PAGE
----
Hammersmith Bridge

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Hammersmith Bridge
Hammersmith Bridge 2008 06 19.jpg
Coordinates 51°29′20″N 0°13′47″W / 51.4889°N 0.229735°W / 51.4889; -0.229735Coordinates: 51°29′20″N 0°13′47″W / 51.4889°N 0.229735°W / 51.4889; -0.229735
CarriesA306 road
CrossesRiver Thames
LocaleLondon, England
Heritage statusGrade II* listed structure[1]
Preceded byBarnes Railway Bridge
Followed byPutney Bridge
DesignSuspension bridge
Total length700 ft (210 m)
Width43 ft (13 m)
Opened6 October 1827 (first bridge)
11 June 1887 (current bridge)

Hammersmith Bridge is a suspension bridge that crosses the River Thames in west London. It allows road traffic and pedestrians to cross from the southern part of Hammersmith in the London Borough of Hammersmith and Fulham, on the north side of the river, to Barnes in the London Borough of Richmond upon Thames, on the south side of the river. The current bridge, which is Grade II* listed and was designed by the noted civil engineer Sir Joseph Bazalgette, is the second permanent bridge on the site.[2]


The construction of a bridge was first sanctioned by an Act of Parliament in 1824 and work on site began the following year. It was the first suspension bridge over the River Thames and was designed by William Tierney Clark.[3][4]

The bridge had a clear water-way of 688 feet 8 inches (209.91 m). Its suspension towers were 48 feet (15 m) above the level of the roadway, where they were 22 feet (6.7 m) thick. The roadway was slightly curved upwards, 16 feet (4.9 m) above high water, and the extreme length from the back of the piers on shore was 822 feet 8 inches (250.75 m), supporting 688 feet (210 m) of roadway. There were eight chains, composed of wrought-iron bars, each five inches deep and one thick. Four of these had six bars in each chain; and four had only three, making thirty-six bars, which form a dip in the centre of about 29 feet (8.8 m).[5] From these, vertical rods were suspended, which supported the roadway, formed of strong timbers covered with granite. The width of the carriageway was 20 feet (6.1 m), with two footways of 5 feet (1.5 m). The chains passed over the suspension towers, and were secured to the piers on each shore. The suspension towers were of stone, and designed as archways of the Tuscan order. The approaches were provided with octagonal lodges, or toll-houses, with appropriate lamps and parapet walls, terminating with stone pillars, surmounted with ornamental caps. Construction of the bridge cost some £80,000. The bridge was opened on 6 October 1827;[6] it was operated as a toll bridge.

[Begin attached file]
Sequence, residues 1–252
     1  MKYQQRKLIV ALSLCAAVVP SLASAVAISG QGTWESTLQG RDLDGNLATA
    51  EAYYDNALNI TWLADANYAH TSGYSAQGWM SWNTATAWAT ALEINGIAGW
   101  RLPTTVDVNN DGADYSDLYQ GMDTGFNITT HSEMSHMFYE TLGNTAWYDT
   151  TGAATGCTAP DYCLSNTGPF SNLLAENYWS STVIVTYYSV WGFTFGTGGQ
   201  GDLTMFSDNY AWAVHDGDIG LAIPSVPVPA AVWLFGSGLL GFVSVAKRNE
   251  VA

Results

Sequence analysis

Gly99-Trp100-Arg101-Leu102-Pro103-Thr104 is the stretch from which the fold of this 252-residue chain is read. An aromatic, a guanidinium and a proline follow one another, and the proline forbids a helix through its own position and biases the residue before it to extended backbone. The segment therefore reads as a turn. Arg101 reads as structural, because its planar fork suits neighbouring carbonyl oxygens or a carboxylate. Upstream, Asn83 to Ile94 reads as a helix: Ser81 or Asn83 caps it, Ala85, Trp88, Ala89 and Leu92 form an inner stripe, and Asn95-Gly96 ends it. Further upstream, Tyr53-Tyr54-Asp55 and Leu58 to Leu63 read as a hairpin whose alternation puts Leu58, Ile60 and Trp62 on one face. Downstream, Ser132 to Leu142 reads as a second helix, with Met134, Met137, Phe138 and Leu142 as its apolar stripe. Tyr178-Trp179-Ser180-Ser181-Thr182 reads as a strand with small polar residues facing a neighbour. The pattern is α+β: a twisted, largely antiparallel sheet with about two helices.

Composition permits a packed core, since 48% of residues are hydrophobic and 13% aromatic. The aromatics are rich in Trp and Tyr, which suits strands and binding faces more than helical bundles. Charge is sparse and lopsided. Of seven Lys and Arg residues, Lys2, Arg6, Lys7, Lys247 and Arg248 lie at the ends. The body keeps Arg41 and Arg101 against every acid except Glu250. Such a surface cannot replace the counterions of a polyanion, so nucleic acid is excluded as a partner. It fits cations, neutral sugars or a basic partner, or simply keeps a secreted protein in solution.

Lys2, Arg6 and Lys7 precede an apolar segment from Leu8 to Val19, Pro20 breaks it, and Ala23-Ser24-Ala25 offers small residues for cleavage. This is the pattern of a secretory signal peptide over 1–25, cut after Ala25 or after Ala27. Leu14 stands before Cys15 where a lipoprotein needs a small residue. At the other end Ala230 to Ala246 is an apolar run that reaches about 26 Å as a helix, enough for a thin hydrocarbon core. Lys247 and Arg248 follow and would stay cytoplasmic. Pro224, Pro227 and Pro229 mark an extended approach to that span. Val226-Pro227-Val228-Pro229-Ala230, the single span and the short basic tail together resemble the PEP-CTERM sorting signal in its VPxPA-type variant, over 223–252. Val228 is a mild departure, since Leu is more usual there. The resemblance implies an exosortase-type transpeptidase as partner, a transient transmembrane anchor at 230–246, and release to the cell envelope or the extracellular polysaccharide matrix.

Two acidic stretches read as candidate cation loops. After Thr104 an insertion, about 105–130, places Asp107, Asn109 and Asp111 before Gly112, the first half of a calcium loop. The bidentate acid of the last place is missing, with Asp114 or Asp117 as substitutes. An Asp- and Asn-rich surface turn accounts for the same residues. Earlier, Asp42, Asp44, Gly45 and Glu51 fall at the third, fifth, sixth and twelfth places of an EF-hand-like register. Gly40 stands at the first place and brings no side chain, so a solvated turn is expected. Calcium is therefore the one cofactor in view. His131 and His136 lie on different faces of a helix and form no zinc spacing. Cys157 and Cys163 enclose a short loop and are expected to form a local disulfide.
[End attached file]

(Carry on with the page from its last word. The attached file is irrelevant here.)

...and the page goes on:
Engraving of the first Hammersmith Bridge, built in 1827

By the 1870s, the bridge was no longer strong enough to support the weight of heavy traffic and the owners were alarmed in 1870 when 11,000 to 12,000 people crowded onto the bridge to watch the University Boat Race, which passes underneath just before the halfway point of its 4¼-mile (6.8 km) course. In 1884 a temporary bridge was put up to allow a more limited cross-river traffic while a replacement was constructed.

The current Hammersmith Bridge was designed by Sir Joseph Bazalgette and rests on the same pier foundations constructed for Tierney Clark's original structure. The new bridge was built by Dixon, Appleby & Thorne and was opened by the Prince of Wales on 11 June 1887.[7] With much of the supporting structure built of wrought iron, it is 700 feet (210 m) long and 43 feet (13 m) wide and cost £82,117 to build.

Structural soundness and repairs[edit]

Hammersmith Bridge and riverside, seen from the Hammersmith bank
Hammersmith Bridge, seen from the Westminster to Kew tourist boat
Rowing crews racing under Hammersmith Bridge
End details

Hammersmith Bridge has long suffered structural problems and has been closed for lengthy periods on several occasions, due to the weight and volume of road traffic now common in inner London, which the bridge was not originally designed to support.

The bridge was refurbished in 1973 with replacement steel trusses, improvements to the mid-span hangers and new deck expansion joints. New deck timbers were installed and surfacing was changed from wooden blocks to coated plywood panels. These panels were subsequently replaced in 1987.

In 1984 the Barnes-side tower bearings failed under a heavy load and had to be replaced.

In February 1997 the bridge was closed to all traffic except buses, bicycles, motorcycles, emergency vehicles and pedestrians to allow further essential repair works. Structural elements of the bridge had been found to be corroded or worn, in particular cross girders and deck surfacing, as well as some areas of masonry.[8]